10. The Académie Française has aimed to preserve the French language since 1634

y attempting to ban, somewhat unsuccessfully, foreign words such as blog, hashtag, parking, email and weekend. It was started by a small group of French intellects and officially recognised by Louis XIII in 1635.

11. At least 40 percent of the music on private radio stations must be of French origin

Since 1996, the country’s top media regulator the Conseil Supérieur de L’Audiovisuel (CSA) has been charged with enforcing this French law. The CSA also requires half of the French music quota to be less than six months old.

12. The first public screening of a movie was by French brothers Auguste and Louis Lumière on 28 December 1895

They used their invention the cinématographe (hence ‘cinema’) to show 10 films of about 50 seconds each at the Salon Indien du Grand Café in Paris. They made many more films but predicted that ‘cinema is an invention without any future’.

13. A French woman is the world’s oldest ever human

She lived to an incredible 122 years and 164 days, according to the Guinness Book of World Records. Jeanne Louise Calment was born on 21 February 1875 and died on 4 August 1997. She lived through the opening of the Eiffel Tower in 1889, two World Wars and the development of television, the modern motor car and aeroplanes. Her compatriots generally live long longer than most other nationalities: France is rated sixth in the OECD for life expectancy at birth at 82 years: 85 years for women and 79 for men.

14. France legalised same-sex marriage in 2013

When President Françoise Holland signed the bill into law on 18 May 2013, France became the ninth country in Europe and 14th in the world to legalise same-sex marriage. Although polls at the time showed that around 50 of French people supported gay marriage, not everyone was happy about it: thousands of people defending the so-called ‘family values’ took to the streets in protest.

15. Europe’s highest mountain is in the French Alps

Mont Blanc, at 4,810m, takes an arduous 10 to 12 hours to climb to the summit. Alternatively, you can take a leisurely 20-minute trip up on Europe’s highest cable car on the nearby Aiguille du Midi to get a brilliant view of Mont Blanc.

16. The Louvre Museum in Paris was the most visited museum in the world in 2014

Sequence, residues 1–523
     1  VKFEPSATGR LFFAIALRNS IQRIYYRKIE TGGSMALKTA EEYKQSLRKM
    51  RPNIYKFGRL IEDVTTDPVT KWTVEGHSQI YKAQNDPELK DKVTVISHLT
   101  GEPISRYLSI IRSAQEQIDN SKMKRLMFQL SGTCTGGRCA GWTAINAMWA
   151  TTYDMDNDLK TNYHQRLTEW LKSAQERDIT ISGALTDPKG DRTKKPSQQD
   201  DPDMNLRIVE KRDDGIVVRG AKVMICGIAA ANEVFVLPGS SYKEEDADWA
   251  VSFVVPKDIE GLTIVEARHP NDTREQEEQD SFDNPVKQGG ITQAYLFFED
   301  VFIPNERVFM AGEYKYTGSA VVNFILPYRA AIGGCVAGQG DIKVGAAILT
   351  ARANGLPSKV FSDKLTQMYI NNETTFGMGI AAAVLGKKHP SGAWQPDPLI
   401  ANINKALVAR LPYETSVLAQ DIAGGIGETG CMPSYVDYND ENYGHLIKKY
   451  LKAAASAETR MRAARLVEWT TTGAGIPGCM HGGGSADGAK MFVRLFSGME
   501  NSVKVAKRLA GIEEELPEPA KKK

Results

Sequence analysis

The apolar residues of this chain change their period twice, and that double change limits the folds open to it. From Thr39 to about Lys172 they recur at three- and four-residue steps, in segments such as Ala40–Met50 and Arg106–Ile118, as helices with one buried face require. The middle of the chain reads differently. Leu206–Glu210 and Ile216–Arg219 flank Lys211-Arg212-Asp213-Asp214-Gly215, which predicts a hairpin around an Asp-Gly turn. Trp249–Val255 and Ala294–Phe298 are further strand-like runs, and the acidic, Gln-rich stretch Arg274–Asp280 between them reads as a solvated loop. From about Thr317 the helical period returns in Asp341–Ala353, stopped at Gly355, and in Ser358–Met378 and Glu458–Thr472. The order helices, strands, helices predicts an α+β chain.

With an amazing 9.3 million visitors, it received almost the same amount of people as the population of Sweden.

17. The world’s first artificial heart transplant and face transplant both took place in France

The heart transplant occurred in December 2013 at the Georges Pompidou Hospital in Paris. The bioprosthetic device, which mimics a real heart’s contractions, is powered by external lithium-ion battery, and is about three times the weight of a real organ. French surgeons were also the first to perform a face transplant in 2005.

18. Totalling around 29,000km, the French rail network is the second largest in Europe (after Germany) and the ninth biggest in the world

France was one of the world’s first countries to utilise high-speed technology, introducing the TGV high-speed rail in 1981. The Tours-Bordeaux high-speed project, due for completion in 2017, will add a further 302km to the existing 1,550km. Not-so-forward-thinking, however, was when the French national train operator SNCF ordered 2,000 trains at a cost of EUR 15bn only to discover in 2014 they were too wide for many regional platforms.

19. Paris Gare du Nord is Europe’s busiest railway station

And by far, with some 190 million passengers passing through each year. Inaugurated in 1846, it it also one of the world’s oldest stations.

20. French wines can reach astronommical prices

In 2014, Sotheby’s sold a 114-bottle lot of DCR Romanee-Conti wines in Hong Kong for more than EUR 1.45m to an anonymous Asia-based buyer, a world record for a single wine lot. That works out to about EUR 1,619 per standard glass.